* Underlying full-year profit falls amid higher costs
* Brand owner trying to keep trademark affordability
* Firm adapting to changing shopping habits, internet
By Anna Ringstrom
STOCKHOLM, Nov 12 (Reuters) - The owner of the IKEA furniture brand reported a drop in annual underlying profit on Monday, hit by higher wood and metal prices.
After decades of rapid growth, the world’s biggest furniture brand is battling to adapt to the rise of online rivals such as Amazon and made.com, while also trying to maintain its hallmark affordability amid rising raw material and other costs.
As part of an overhaul in 2016, design, in-house production and supply chain management transferred to brand owner Inter IKEA from IKEA Group, which owns most of the stores.
Inter IKEA said on Monday its net profit for the 12 months through August was 1.45 billion euros ($1.63 billion), compared with 912 million euros a year earlier, when the firm took 812 million in goodwill writedowns for the acquired businesses.
“If we took that out of the FY17 result, you get to a net result of 1.7 billion. So, we are actually dropping a bit,” Inter IKEA Chief Financial Officer Martin van Dam told Reuters.
Inter IKEA reported a 12 percent rise in net sales to 25.5 billion euros, but said costs - mainly for wood and metals - outpaced wholesale sales, and it had not passed them all on to franchisees.
“We see raw material and materials costs increasing. We see tariff challenges. We see salaries gradually increasing. And by that definition, we get an in-price onto our products that is challenging,” van Dam said in an interview.
“It would be super easy to charge the retailers with that and call it a happy day, but that doesn’t work, because we want to commit ourselves to the totality of IKEA of low pricing. And by that definition we have to give up margin to be successful collectively in a franchise dimension,” he said.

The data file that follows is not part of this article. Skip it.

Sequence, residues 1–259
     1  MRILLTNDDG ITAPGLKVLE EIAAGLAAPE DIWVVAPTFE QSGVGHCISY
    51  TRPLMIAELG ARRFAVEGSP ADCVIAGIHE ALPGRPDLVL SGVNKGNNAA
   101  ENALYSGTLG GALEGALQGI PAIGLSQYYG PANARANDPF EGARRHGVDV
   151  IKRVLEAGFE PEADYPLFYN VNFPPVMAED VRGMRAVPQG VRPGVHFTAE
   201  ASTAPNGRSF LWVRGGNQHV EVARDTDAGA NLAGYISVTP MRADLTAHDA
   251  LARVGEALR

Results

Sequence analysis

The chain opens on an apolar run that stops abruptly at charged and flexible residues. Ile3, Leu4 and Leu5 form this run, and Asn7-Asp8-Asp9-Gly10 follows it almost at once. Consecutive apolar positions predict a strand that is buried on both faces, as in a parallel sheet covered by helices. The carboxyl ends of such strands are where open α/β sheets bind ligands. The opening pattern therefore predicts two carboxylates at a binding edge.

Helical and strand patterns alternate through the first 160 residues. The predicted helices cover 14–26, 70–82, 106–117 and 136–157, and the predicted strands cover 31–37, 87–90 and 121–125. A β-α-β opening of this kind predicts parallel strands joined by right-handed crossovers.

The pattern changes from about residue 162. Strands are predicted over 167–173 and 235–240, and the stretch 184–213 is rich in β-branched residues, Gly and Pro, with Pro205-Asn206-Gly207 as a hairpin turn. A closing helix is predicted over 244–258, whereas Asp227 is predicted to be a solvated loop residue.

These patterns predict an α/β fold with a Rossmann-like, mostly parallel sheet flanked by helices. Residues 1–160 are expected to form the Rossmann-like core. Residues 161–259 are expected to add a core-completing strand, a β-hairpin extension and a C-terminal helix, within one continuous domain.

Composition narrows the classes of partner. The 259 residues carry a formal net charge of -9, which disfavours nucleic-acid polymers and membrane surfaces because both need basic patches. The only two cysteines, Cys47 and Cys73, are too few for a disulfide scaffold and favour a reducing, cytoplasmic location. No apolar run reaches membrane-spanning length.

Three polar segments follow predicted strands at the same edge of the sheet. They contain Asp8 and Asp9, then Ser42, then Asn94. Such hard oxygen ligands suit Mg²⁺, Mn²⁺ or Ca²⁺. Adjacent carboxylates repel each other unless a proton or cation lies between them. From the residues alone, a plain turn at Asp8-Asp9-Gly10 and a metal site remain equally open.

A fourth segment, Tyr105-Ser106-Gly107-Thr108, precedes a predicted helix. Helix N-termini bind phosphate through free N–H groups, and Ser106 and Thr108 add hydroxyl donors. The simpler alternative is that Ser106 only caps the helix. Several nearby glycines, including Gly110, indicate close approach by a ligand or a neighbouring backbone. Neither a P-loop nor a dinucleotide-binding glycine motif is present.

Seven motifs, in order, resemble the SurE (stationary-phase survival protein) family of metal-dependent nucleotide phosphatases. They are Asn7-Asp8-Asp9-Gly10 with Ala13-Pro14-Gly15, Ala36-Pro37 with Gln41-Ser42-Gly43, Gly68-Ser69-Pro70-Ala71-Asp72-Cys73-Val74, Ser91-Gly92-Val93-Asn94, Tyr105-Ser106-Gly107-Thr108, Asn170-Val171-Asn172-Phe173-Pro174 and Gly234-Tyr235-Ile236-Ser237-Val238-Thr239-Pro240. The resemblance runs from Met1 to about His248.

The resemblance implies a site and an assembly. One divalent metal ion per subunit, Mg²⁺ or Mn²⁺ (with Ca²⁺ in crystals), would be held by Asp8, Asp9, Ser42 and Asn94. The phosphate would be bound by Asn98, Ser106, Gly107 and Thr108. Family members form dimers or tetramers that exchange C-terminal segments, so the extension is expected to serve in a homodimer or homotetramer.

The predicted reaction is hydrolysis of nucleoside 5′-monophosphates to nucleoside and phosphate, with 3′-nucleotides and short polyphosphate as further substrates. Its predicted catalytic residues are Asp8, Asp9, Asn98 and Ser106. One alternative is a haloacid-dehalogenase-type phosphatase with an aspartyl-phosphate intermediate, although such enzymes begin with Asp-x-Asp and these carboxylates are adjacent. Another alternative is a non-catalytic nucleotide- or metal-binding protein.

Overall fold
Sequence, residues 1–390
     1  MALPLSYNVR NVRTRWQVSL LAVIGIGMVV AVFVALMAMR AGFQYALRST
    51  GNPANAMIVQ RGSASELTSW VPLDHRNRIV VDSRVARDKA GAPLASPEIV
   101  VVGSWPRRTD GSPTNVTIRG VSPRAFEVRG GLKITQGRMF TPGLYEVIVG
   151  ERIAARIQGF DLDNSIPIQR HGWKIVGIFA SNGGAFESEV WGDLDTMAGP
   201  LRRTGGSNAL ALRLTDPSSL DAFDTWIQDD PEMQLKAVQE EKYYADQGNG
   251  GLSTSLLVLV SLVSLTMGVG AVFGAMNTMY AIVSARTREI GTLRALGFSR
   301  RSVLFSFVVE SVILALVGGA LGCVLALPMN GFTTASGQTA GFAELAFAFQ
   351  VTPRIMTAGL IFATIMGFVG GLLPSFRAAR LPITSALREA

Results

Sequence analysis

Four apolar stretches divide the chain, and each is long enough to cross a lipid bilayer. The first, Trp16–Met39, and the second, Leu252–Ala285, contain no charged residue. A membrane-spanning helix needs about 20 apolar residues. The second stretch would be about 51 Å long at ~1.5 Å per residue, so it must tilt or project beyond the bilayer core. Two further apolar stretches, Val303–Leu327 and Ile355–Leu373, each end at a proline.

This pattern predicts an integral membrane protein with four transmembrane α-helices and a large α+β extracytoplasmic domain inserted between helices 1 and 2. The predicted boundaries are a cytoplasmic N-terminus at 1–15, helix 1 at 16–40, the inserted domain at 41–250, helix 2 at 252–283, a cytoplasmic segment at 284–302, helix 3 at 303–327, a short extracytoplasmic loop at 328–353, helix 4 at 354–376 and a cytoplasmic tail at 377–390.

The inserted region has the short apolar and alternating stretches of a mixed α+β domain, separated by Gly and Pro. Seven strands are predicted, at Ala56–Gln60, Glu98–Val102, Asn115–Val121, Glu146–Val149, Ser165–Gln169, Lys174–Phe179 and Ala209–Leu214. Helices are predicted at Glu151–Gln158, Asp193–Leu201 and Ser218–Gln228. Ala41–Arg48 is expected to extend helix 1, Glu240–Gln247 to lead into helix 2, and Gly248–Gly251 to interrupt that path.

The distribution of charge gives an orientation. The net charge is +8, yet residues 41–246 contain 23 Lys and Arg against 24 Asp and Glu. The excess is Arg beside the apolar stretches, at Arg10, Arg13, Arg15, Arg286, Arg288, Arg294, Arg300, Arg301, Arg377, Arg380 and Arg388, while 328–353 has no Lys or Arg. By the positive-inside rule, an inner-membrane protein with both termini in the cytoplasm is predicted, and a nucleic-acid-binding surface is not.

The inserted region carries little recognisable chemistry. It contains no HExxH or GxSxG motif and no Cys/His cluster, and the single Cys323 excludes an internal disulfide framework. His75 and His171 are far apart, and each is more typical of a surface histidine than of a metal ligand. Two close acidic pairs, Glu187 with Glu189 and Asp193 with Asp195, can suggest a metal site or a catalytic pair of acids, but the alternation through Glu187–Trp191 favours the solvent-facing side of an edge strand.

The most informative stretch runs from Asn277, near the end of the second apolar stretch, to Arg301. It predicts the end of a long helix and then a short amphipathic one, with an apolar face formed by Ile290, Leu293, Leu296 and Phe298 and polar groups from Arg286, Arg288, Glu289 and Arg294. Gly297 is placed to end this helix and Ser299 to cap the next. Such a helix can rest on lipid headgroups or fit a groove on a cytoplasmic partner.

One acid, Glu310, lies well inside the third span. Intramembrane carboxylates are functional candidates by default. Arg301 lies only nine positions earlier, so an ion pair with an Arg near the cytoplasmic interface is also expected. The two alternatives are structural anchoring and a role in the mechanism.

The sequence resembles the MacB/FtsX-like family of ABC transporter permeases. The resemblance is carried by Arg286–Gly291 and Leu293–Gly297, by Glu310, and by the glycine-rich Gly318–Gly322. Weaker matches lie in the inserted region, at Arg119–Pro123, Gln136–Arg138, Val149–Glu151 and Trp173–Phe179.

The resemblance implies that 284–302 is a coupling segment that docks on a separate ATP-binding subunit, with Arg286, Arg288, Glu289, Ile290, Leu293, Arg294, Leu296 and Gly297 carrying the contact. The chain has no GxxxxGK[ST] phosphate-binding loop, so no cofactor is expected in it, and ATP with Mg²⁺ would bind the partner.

Inter IKEA produces around 10 percent of the range and sources the rest from external suppliers. It raised prices to franchisees by 0.2 percent, but took a 1 percent hit to its gross margin on those sales.
Investments in the supply chain, range development and in new store concepts and services also weighed. IKEA has been opening city-centre showrooms to try to appeal to a growing number of shoppers reluctant to travel to its big out-of-town warehouses, while also offering services such as furniture assembly.
“Also, with online sales growing we are making changes to our supply chain set-up to accommodate for alternative ways to deliver IKEA products to end customers. In this we have to become more efficient still,” van Dam said.
He said IKEA was having to adapt as well to tariffs, such as those imposed by the United States, its second-biggest market, on goods imported from China, where it sources some products.
“We’re not at all in a position where it’s clear,” he said, adding: “We could mix it differently ... We could produce exactly the same in two locations, just ship it to different locations.”
Inter IKEA reported in October that franchisees sold 38.8 billion euros of goods and services in the 12 months through August, up 5 percent in local currencies.
The growth rate was roughly the same as the year before, but van Dam said retail sales were lower than expected.
There were 422 IKEA stores in more than 50 countries at the end of August, owned by 11 franchisees that pay 3 percent of revenues to Inter IKEA.
$1 = 0.8887 euros Reporting by Anna Ringstrom; Editing by Mark Potter